Wholesome food, a modern atmosphere and devoted staff combine to make the Hunter Valley’s recently renovated Blaxland’s Inn a hub of relaxed dining and earthy charm.

Story By Mark Muller

The recently renovated and re-opened Blaxland’s Inn, on the road to Pokolbin in the New South Wales Hunter Valley, has a clean, homely feel to it that is at once inviting and comforting. Exposed stone walls, large windows and sweeping wooden beams all contribute to a bright, cosy atmosphere. The inn has its own bar off to one side and large open areas out the front where visitors can loll in the shade and while away an afternoon. Out beyond the verandahs is a courtyard with a large open fire pit, tastefully gated and grated and home to a blazing pile of logs that kick out warmth and light through the evenings.
Inside, the décor is functional and rustic: large tables and comfortable wooden chairs take up the centre of the main room; smaller tables off to the sides allow more intimacy for those who want it. In all, a sense of relaxation and understated style pervade. Blaxland’s Inn is a place to meet and greet, enjoy simple, wholesome food and generally take it easy with friends and family. This is in no small part due to manager Diana Cormie.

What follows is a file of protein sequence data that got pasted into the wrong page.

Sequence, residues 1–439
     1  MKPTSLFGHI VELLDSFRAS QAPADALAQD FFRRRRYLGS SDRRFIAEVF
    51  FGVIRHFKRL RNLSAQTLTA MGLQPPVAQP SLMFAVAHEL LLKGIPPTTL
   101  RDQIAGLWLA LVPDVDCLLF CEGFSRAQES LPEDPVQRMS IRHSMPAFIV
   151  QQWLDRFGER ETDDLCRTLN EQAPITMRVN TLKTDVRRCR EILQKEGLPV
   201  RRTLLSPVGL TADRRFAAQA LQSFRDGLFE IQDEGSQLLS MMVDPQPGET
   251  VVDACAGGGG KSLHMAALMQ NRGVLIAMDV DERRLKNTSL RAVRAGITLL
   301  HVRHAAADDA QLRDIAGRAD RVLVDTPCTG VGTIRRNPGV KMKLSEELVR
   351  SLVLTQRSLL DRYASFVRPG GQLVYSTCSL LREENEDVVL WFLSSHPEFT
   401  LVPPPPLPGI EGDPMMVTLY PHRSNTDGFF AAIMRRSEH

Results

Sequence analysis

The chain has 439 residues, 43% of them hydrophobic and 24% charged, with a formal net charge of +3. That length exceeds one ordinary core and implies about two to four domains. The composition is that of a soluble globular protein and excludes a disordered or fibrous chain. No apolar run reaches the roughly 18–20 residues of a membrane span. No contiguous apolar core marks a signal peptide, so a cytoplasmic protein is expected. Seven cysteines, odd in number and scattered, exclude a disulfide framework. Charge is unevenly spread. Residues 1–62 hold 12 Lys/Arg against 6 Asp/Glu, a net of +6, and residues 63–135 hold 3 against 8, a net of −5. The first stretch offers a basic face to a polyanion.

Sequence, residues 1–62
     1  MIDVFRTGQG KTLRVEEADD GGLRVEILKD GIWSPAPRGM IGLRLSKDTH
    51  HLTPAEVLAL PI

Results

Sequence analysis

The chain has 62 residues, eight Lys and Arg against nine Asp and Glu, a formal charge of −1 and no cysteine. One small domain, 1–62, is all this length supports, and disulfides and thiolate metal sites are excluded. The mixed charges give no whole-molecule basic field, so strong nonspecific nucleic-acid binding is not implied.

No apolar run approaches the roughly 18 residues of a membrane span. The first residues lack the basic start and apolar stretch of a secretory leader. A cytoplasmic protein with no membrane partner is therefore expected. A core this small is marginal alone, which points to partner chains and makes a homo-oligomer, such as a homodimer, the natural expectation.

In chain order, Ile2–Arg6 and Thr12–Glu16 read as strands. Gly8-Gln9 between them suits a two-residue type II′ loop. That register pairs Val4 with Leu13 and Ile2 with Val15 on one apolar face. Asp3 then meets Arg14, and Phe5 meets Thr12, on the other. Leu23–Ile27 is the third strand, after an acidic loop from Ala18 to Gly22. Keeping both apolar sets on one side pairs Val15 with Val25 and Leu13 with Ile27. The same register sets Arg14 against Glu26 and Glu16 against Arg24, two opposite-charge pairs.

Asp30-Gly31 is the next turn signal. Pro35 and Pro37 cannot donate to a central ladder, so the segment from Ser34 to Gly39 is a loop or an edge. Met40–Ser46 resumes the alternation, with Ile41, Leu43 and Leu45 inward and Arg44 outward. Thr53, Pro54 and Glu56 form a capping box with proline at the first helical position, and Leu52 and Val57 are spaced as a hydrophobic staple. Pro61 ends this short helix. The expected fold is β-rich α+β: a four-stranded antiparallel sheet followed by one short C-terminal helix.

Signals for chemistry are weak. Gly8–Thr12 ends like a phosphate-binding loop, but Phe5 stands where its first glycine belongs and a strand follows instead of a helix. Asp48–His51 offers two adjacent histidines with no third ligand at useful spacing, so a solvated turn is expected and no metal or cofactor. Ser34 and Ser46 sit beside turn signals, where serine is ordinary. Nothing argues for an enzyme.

Diana appreciates the value to be had from country charm. She was raised in Coonabarabran, NSW, and her parents now have a sheep and cattle property outside of nearby Mullaley. It was here that the virtues of friendship and hospitality – and a love of good food – were instilled in the tall and talented blonde. She also has experience in dealing with people and delivering what they want and need, courtesy of a stint on the front desk of Sydney’s Regent Hotel. Her organisational nous was honed working for Greg Norman’s events company, Great White Shark Enterprises, co-ordinating such events as the Queensland PGA.
“I love the whole concept of affordable yet good-quality food and a nice night out,” she says. “An upmarket pub garden, a fire, somewhere you can get good wine and listen to live entertainment and not break the bank – these are all part of what we provide.”

This story excerpt is from Issue #61

Outback Magazine: Oct/Nov 2008